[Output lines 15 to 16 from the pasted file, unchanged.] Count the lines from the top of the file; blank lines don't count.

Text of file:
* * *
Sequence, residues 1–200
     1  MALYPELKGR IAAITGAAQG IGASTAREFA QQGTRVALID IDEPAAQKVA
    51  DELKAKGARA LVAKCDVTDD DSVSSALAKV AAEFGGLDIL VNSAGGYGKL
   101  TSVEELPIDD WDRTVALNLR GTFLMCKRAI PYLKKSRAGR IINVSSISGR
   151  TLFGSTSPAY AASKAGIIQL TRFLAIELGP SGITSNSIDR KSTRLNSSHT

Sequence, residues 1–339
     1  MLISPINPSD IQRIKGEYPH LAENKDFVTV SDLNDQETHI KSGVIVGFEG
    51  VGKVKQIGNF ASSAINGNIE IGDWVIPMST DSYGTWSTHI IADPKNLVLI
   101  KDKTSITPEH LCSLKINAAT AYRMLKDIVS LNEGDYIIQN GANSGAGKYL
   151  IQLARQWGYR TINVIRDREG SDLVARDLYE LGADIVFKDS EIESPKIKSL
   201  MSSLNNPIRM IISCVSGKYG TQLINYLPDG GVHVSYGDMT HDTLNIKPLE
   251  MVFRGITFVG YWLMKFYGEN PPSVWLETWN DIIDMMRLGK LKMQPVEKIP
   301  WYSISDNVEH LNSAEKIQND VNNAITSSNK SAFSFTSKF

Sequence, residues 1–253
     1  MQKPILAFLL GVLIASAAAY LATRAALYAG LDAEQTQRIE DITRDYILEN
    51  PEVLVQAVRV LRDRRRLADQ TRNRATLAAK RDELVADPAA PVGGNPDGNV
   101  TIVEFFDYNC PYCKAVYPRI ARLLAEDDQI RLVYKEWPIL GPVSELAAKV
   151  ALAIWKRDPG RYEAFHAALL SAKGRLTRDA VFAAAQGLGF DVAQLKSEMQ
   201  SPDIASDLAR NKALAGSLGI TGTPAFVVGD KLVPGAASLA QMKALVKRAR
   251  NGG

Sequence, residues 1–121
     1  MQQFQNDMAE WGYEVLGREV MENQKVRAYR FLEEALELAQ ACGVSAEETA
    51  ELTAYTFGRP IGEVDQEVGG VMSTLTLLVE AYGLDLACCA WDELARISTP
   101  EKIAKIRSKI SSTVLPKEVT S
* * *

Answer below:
     1  MQKPILAFLL GVLIASAAAY LATRAALYAG LDAEQTQRIE DITRDYILEN
    51  PEVLVQAVRV LRDRRRLADQ TRNRATLAAK RDELVADPAA PVGGNPDGNV